Norway school swaps chairs for rubber balls

A school in Norway has replaced chairs with large rubber exercise balls — and the pupils love it.

Norway school swaps chairs for rubber balls
No more chairs for the pupils at Norway's Bjerkreim School. Photo: Screen Grab from Ball Vs Chair
Dag Voigt, the headmaster of Bjerkreim School in Rogaland, south of Stavanger, decided to experiment with the balls with two classes back in 2005 after a local physiotherapist Tore Jakobsen came to him with the idea. 
According to a documentary on the initiative, Ball versus Chair,  the children quickly developed better core muscles and stronger backs, without any adverse impact on their studies. 
The school now uses balls instead of chairs for all pupils between the ages of 10 and 13, arguing that as the balls are actually cheaper than chairs, it is not a major additional cost. 
interviewed for the documentary, Jakobsen said that the benefits appear to come simply from increasing the movement children made during lessons. 
“It’s to get more movement into the every day in school — that’s basically the thought,” he said. “The more movement children get into their day the better, but none of this has been scientifically proven.” 
Ball vs Chair (Ball vs Stol) was made by the Oslo-based film company Heisholt Inc, and has been broadcast on the website of the Aftenposten newspaper
Terese Aalborg, the film's director, said that she had had the idea when she was researching ways to improve school for her own daughter, who found it hard sitting still in the classroom. 
She said pupils at the school had all said they liked having balls in the classroom. 
“Everyone I talked to loved it: they wouldn’t go back to sitting on chairs,” she said. “A ball is softer, a chair is very hard, it’s very static and you can’t move very easily. They could see that they were getting stronger. They could really feel the difference.” 


Bavaria plans 100 million rapid Covid tests to allow all pupils to return to school

In the southern state of Bavaria, schools have been promised 100 million self-tests starting next week so that more children can start being taught in person again. But teachers say the test strategy isn't being implemented properly.

Bavaria plans 100 million rapid Covid tests to allow all pupils to return to school
Children in the classroom in Bavaria. Photo:Matthias Balk/DPA

State leaders Markus Söder said on Friday that the first 11 million of the DIY tests had already arrived and would now be distributed through the state.

“It’s no good in the long run if the testing for the school is outside the school,” Söder told broadcaster Bayerischer Rundfunk (BR) during a visit to a school in Nuremberg.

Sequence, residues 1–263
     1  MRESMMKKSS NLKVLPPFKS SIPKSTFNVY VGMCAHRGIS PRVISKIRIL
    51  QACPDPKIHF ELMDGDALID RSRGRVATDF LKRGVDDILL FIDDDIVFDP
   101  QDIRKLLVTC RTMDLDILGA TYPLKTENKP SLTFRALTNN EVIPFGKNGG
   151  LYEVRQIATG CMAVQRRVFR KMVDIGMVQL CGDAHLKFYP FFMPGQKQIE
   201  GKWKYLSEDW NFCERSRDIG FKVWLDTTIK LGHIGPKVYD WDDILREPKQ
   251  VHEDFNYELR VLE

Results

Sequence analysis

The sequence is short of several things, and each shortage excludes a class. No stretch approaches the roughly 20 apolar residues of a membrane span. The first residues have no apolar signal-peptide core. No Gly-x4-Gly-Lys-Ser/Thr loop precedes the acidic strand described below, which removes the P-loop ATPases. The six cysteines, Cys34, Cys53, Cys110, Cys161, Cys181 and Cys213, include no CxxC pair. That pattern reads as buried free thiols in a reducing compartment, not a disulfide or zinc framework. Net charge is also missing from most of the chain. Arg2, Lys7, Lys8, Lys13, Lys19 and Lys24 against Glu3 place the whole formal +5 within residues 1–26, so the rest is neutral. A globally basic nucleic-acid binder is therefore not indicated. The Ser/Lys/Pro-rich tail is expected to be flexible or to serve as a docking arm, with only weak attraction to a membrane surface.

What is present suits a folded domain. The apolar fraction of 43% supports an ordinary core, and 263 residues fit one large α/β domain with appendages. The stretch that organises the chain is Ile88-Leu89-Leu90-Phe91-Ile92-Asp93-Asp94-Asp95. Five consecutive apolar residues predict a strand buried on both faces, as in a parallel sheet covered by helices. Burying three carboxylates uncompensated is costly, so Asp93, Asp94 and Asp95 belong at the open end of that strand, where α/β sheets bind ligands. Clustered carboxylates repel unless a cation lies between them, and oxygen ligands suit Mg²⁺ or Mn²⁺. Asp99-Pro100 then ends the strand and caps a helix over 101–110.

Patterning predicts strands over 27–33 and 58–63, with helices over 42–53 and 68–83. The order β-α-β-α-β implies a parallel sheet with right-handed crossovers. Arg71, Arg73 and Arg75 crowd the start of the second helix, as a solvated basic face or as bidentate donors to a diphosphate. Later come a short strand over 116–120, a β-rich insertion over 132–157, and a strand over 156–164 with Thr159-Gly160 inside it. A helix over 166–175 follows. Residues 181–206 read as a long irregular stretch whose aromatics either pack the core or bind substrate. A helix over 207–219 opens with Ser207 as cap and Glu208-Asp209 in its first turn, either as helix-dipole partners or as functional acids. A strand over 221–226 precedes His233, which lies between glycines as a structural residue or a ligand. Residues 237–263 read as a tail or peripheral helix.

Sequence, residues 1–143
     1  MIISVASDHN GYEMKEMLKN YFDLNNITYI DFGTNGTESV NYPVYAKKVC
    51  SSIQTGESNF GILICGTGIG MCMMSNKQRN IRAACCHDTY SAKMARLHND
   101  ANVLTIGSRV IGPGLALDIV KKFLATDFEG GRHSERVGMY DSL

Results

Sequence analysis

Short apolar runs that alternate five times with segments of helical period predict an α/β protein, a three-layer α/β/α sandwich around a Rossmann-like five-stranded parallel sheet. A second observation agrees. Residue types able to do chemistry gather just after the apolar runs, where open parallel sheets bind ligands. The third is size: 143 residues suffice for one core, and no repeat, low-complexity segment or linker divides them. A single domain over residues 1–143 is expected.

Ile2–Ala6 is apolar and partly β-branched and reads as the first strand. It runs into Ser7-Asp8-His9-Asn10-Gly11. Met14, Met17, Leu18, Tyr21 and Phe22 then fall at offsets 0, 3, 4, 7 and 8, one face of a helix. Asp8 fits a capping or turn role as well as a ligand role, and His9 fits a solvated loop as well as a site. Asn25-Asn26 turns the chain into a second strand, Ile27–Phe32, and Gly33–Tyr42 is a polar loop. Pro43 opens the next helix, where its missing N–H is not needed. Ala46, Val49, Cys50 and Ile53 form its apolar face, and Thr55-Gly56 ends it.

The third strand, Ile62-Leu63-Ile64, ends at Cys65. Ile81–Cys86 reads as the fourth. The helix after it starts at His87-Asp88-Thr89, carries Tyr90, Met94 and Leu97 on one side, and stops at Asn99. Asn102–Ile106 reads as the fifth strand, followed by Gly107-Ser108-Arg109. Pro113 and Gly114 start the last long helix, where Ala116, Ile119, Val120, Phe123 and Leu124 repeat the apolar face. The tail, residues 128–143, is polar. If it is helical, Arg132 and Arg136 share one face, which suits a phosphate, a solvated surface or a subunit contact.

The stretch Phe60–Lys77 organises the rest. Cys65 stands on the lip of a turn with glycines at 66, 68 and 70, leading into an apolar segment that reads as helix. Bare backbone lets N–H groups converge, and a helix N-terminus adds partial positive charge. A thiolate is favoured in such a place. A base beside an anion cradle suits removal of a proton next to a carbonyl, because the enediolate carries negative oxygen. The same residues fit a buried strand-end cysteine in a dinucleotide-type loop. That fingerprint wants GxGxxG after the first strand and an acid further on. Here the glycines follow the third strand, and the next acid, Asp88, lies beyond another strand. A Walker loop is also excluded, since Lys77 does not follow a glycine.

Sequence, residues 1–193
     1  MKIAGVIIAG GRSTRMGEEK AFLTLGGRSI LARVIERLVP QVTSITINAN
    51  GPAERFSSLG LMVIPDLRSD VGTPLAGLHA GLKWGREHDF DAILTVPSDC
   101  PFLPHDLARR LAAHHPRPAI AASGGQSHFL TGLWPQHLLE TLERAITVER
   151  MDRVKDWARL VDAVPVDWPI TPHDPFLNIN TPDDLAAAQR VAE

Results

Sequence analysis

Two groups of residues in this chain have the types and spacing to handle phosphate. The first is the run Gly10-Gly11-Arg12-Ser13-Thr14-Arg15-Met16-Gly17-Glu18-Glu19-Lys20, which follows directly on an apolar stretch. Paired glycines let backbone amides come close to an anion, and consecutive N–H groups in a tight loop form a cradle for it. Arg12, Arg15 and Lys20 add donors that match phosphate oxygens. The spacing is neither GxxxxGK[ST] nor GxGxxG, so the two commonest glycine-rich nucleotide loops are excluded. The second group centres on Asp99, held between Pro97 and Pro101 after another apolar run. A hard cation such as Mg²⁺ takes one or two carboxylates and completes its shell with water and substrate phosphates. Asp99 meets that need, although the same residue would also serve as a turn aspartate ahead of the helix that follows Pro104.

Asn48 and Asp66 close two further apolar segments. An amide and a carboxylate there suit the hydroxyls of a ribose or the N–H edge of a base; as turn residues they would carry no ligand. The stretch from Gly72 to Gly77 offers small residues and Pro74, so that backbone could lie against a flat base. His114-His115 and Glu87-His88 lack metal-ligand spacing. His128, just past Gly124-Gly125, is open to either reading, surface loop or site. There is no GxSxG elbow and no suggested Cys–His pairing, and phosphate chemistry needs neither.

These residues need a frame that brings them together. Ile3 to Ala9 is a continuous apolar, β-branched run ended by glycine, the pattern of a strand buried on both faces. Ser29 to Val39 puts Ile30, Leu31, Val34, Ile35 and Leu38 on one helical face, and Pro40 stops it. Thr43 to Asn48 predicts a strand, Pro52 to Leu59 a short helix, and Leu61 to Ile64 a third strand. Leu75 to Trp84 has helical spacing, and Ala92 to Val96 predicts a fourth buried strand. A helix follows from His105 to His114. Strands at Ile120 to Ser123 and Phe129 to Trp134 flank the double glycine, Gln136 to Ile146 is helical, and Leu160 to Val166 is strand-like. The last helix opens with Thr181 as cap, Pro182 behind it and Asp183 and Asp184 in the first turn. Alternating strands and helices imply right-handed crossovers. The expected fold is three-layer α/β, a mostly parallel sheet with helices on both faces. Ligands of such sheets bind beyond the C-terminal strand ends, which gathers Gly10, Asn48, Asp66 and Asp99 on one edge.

“Contrary to what has been planned in Berlin, we’ve pre-ordered in Bavaria: for this year we have 100 million tests.”

Bavaria, Germany’s largest state in terms of size, plans to bring all children back into schools starting on Monday.

SEE ALSO: ‘The right thing to do’ – How Germany is reopening its schools

However, high coronavirus case rates mean that these plans have had to be shelved in several regions.

In Nuremberg, the state’s second largest city, primary school children have been sent back into distance learning after just a week back in the classroom.

The city announced on Friday that schools would have to close again after the 7-day incidence rose above 100 per 100,000 inhabitants.

The nearby city of Fürth closed its schools after just two days of classroom time on Wednesday, after the 7-day incidence rose to 135.

The Bavarian test strategy plans for school children to receive one test per week, while teachers have the possibility of taking two tests a week. The testing is not compulsory.

But teachers’ unions in the southern state have warned that the test capacity only exists on paper and have expressed concern that their members will become infected in the workplace.

“Our teachers are afraid of infection,” Almut Wahl, headmistress of a secondary school in Munich, told BR24.

“Officially they are allowed to be tested twice a week, we have already received a letter about this. But the tests are not there.”

BR24 reports that, contrary to promises made by the state government, teachers in many schools have still not been vaccinated, ventilation systems have not been installed in classrooms, and the test infrastructure has not been put in place.